SEN. Grace Poe is studying the possibility of filling a resolution asking the proper Senate committee to look into the controversial joint venture agreement between IBC 13 and RII Builders-Primestate Ventures Inc. and find out the truth about the deal.
Poe, chairperson of the Senate Committee on public information and mass media, said she would initially ask the IBC -13 and the RII builders to provide her with data related to the deal for her to study the issue.
The Senator’s move was in response to the appeal of the Coalition of Filipino Consumers (CFC) last week asking Poe if she could somehow check out the IBC13- RII Builders-Primestate Ventures Inc. joint venture agreement which had been a subject of a congressional inquiry in 2012.
CFC secretary-general, Perfecto Jaime Tagalog, said a Senate investigation could help clear all the issue regarding the joint venture deal and find out if there were indeed irregularities done in the deal.
The state auditing body on the its 2012 audit report found that the IBC 13 deal was disadvantageous to the government because the land valuation is way below the actual value of the 4.4-hectare prime property in Quezon City.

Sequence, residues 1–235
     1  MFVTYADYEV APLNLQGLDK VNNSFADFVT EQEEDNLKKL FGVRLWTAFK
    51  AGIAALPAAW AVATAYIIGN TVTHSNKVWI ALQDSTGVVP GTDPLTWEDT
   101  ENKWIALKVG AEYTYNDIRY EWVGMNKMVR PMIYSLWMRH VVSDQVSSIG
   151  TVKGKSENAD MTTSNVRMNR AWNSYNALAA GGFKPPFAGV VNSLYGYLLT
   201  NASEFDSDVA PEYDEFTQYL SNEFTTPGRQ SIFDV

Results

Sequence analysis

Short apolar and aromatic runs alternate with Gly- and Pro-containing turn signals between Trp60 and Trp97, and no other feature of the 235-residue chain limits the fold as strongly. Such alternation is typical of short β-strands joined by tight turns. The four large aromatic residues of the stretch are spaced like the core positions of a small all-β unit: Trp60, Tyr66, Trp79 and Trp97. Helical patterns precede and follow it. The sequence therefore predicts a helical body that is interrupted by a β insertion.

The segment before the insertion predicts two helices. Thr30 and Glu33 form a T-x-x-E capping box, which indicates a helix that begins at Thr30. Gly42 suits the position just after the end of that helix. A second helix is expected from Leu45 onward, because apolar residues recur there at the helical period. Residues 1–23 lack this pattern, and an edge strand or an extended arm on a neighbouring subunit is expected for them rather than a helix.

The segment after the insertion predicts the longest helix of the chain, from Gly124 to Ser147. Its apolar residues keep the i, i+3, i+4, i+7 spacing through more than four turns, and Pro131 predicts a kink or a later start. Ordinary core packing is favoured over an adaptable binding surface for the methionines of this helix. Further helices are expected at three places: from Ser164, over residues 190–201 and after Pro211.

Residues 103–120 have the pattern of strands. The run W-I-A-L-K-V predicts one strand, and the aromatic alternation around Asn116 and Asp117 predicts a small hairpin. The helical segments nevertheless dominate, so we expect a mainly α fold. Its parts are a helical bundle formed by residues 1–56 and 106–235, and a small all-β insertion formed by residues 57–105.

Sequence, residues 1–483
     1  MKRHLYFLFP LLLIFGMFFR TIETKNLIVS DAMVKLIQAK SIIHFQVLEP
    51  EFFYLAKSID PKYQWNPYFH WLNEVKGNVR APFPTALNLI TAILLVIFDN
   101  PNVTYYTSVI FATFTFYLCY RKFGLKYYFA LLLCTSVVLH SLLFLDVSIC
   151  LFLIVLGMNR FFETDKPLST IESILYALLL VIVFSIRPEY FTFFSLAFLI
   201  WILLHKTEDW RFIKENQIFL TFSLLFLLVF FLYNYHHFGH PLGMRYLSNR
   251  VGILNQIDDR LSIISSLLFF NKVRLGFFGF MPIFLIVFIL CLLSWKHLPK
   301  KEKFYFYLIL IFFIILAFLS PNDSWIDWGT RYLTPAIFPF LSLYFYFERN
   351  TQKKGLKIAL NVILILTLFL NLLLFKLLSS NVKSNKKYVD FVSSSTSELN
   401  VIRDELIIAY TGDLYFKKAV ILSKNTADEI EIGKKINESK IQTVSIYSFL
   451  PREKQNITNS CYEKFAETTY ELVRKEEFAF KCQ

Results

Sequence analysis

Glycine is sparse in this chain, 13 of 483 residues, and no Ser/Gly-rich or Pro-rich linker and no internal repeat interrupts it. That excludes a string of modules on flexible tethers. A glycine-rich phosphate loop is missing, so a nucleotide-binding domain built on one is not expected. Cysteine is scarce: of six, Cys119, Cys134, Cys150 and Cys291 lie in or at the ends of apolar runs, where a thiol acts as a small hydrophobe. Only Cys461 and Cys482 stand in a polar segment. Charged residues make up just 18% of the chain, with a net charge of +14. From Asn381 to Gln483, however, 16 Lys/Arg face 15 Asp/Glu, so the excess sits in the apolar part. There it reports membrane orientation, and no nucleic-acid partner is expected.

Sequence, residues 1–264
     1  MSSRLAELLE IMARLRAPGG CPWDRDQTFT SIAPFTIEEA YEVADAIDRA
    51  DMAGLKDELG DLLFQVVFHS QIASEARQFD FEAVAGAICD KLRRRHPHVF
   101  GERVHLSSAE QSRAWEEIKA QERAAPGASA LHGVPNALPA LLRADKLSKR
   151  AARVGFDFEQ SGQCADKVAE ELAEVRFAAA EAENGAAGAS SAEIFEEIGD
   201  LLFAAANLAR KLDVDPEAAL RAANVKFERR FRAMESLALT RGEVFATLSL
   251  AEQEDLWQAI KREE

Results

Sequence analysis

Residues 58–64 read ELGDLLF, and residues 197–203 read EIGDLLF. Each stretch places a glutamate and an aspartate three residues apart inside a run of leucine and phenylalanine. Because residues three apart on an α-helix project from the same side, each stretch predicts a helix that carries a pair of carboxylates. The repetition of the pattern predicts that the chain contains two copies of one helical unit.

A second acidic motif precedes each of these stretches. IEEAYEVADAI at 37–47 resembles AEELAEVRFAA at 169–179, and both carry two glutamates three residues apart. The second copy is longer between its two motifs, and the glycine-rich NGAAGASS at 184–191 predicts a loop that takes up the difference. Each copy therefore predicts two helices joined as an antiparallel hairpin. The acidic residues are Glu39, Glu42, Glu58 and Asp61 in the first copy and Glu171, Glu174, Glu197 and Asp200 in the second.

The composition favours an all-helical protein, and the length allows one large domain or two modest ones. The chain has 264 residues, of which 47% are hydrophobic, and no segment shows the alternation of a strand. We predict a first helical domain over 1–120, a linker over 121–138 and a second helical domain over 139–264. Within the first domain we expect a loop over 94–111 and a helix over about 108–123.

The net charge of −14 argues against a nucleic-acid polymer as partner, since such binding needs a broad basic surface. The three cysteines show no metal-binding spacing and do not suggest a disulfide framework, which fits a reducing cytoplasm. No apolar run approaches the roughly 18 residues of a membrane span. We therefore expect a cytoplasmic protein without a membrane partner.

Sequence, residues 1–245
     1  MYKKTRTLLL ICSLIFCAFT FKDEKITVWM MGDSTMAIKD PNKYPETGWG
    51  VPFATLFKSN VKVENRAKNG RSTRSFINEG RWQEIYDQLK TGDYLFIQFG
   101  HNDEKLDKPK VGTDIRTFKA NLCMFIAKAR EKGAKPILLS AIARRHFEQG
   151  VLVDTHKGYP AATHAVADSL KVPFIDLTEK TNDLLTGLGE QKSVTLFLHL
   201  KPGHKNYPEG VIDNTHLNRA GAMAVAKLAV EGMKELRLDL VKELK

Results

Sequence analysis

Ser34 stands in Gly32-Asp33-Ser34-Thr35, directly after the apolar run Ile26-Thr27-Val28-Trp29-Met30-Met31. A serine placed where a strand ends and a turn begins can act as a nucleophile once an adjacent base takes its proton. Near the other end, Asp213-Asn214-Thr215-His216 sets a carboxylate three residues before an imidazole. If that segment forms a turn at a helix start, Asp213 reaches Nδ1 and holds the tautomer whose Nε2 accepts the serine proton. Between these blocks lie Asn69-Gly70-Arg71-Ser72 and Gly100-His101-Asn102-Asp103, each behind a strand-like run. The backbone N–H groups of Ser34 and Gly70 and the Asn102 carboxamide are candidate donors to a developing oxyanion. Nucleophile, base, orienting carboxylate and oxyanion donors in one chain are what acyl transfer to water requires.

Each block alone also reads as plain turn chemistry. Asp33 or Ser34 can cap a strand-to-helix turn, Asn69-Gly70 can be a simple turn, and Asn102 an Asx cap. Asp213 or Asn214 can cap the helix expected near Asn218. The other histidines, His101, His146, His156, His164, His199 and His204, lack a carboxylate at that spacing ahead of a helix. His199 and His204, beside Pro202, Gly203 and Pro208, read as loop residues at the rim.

The joint venture agreement set the price of the prime property at P9,999 per square meter when prices of land in the area already cost P17,000 in 2009 to 2011, based on the COA report.
“I would also request the Commission on Audit to provide us their full audit report,” said Poe.
Senator Franklin Drilon, in 2010 was among those who questioned the deal and insisted that it was grossly disadvantageous because of the P728 million RII will pay IBC-13 only P278 million will be received by the government.
Drilon, in a recent interview however admitted that he is not aware of what has transpired in the deal after he was informed that it has been reformed.
The camp of businessman Reghis Romero, owner of RII Builders claimed that Ombudsman had already cleared them of any liability on the IBC-13 land deal.
Earlier, the National Press Club of the Philippines (NPC) received information that Romero’s camp has been issuing warnings against media outlets from publishing and airing stories the business disliked.
NPC President Joey Sy Egco, in a statement issued recently however said that while Mr. Romero has every right to sue, his alleged threat to do so is a form of harassment and intimidation that the organization cannot tolerate.
“On the other hand, we also call on our media colleagues to be professional and to always abide by our own code of ethics in the exercise of our profession,” added Egco, who is a Senior Reporter of the Manila Times.